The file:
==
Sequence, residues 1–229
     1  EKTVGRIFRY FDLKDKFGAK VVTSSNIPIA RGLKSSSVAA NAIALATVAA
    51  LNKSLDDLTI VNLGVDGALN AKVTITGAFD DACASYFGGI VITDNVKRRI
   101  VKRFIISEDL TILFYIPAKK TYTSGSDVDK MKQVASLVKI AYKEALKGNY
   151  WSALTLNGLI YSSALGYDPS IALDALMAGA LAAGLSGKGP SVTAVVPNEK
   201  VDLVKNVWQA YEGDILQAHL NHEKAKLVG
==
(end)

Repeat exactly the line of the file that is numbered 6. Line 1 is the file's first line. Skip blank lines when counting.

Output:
   201  VDLVKNVWQA YEGDILQAHL NHEKAKLVG